The previous sections have focused on the process of designing the PBPK model structure needed for a particular application. At this point the model consists of a number of mathematical equations—differential equations describing the mass balance for each of the compartments and algebraic equations describing other relationships between model variables. The next step in model development is the coding of the mathematical form of the model into a form which can be executed on a computer. There are many options available for performing this process, ranging from programming languages such as Fortran, C, and MatLab to more user-friendly simulation software packages such as AcslX and Berkeley Madonna.


Evaluating a PBPK Model


Model evaluation considers the ability of the model to predict the chemical’s kinetic behavior under conditions that test the principal aspects of the underlying model structure. This is generally performed by running the model and attempting to predict measured tissue concentrations from data sets that were not used for model development. Goodness of fit, or correspondence between the model-predicted concentrations and measured concentrations, can be evaluated visually (subjective evaluation) or quantitatively through the use of automated algorithms that are available in most simulation software packages. While quantitative tests of goodness of fit may often be a useful aspect of the evaluation process, the more important consideration may be the ability of the model to provide an accurate prediction of the general behavior of the data in the intended application. Thus, if the model shows some deviation from measured concentrations, yet can consistently reproduce the trend of the data (biphasic clearance, saturation of metabolism, etc.) there will be greater confidence in the suitability of the model structure than a model that fits a portion of the data flawlessly. Indeed, the demand that the PBPK model fit a variety of data with a consistent set of parameters limits its ability to provide an optimal fit to a specific set of experimental data. For example, a PBPK model of a compound with saturable metabolism is required to reproduce both the high- and low-concentration behaviors, which appear qualitatively different, using the same parameter values. If one were independently fitting single curves with a model, different parameter values might provide better fits at each concentration, but would be relatively uninformative for extrapolation.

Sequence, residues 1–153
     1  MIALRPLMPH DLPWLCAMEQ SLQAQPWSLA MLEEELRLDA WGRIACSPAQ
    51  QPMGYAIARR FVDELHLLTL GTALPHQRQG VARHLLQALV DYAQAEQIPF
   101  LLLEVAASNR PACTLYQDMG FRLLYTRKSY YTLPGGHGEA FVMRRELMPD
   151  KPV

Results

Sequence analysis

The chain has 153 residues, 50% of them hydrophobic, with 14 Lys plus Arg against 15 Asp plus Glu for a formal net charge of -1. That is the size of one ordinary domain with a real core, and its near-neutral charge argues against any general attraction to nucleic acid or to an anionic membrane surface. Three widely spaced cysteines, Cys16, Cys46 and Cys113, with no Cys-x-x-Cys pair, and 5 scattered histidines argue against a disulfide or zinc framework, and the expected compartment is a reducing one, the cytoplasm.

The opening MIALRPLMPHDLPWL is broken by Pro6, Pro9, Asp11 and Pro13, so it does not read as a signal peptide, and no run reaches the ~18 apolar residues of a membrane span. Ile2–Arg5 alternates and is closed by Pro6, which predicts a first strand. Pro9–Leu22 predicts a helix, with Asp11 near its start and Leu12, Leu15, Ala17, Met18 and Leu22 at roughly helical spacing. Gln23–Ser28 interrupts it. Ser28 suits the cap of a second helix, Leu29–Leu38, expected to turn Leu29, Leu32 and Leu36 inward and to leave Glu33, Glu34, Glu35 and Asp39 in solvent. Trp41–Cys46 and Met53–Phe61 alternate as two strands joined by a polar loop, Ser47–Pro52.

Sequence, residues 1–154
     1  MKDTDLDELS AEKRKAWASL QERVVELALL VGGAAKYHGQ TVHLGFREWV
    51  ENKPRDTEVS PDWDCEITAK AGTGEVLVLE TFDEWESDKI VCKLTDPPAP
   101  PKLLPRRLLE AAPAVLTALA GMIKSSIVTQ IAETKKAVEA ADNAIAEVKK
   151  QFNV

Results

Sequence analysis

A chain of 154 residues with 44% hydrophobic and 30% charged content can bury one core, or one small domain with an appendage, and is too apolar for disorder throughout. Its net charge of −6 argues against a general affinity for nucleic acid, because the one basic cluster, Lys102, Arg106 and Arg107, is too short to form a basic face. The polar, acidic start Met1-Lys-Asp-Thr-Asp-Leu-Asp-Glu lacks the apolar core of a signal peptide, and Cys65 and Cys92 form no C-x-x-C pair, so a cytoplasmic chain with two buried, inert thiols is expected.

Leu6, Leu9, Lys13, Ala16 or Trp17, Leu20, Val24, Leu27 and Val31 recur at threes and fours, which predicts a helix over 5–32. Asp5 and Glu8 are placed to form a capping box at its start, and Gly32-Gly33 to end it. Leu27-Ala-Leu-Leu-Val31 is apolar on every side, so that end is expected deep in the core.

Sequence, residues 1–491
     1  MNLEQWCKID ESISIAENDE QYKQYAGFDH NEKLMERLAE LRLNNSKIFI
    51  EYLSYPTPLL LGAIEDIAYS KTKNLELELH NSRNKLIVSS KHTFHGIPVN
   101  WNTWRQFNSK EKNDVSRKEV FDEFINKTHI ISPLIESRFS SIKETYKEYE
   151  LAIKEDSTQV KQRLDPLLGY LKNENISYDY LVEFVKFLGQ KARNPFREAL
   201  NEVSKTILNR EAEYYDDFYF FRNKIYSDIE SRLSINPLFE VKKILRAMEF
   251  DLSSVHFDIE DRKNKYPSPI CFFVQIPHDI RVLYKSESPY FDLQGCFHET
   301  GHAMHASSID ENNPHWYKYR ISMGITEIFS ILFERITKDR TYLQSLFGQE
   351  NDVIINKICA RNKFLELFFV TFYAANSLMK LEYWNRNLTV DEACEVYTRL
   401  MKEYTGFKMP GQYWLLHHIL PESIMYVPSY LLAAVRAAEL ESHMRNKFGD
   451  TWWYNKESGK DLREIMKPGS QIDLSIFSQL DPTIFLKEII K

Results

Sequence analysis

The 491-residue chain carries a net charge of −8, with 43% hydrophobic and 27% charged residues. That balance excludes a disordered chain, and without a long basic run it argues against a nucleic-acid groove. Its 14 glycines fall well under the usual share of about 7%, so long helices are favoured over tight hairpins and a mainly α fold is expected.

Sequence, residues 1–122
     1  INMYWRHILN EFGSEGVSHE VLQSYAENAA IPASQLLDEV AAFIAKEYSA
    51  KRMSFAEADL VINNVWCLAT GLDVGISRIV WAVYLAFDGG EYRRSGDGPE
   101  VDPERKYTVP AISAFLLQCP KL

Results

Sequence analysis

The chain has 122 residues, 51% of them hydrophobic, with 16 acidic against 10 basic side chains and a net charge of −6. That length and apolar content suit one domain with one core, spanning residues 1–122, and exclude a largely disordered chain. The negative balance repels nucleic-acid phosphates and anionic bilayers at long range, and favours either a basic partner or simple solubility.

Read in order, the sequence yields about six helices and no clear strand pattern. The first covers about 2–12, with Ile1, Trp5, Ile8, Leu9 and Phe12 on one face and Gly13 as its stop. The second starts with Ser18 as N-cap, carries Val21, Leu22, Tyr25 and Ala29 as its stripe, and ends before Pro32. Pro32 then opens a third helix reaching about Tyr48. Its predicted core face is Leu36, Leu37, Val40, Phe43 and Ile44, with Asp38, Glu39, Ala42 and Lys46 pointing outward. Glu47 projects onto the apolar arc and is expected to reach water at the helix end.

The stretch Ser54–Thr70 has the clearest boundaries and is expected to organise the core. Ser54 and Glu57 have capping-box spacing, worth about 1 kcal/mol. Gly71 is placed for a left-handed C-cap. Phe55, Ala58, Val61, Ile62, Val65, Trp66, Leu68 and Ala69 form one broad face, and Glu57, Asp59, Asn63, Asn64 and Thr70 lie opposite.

Ideally, model performance should be evaluated against data in the species, tissues and exposure scenarios of concern to risk assessors. However, it is not always possible to collect the data needed for such evaluation, particularly in humans. Where only some aspects of the model can be evaluated, it is particularly important to assess the uncertainty associated with those aspects that are untested. For example, a model of a chemical and its metabolites that is intended for use in cross-species extrapolation to humans would preferably be verified using data in different species, including humans, for both the parent chemical and the metabolites. If only parent chemical data is available in humans, the correspondence of metabolite predictions with data in several animal species could be used as a surrogate, but this deficiency should be carefully considered when applying the model to predict human metabolism. One of the values of biologically based modeling is the ability to use in vitro data to set model parameters, such as enzyme activity and substrate binding assays, which would improve the quantitative prediction of toxicity in humans from animal experiments.


Finally, it is important to remember that in addition to comparing model predictions to experimental data, model evaluation involves assessing the plausibility of the model structure and parameters and the confidence that can be placed in extrapolations performed by the model. This aspect of model evaluation is particularly important in the case of applications in risk assessment, where it is necessary to assess the uncertainty associated with risk estimates calculated with the model.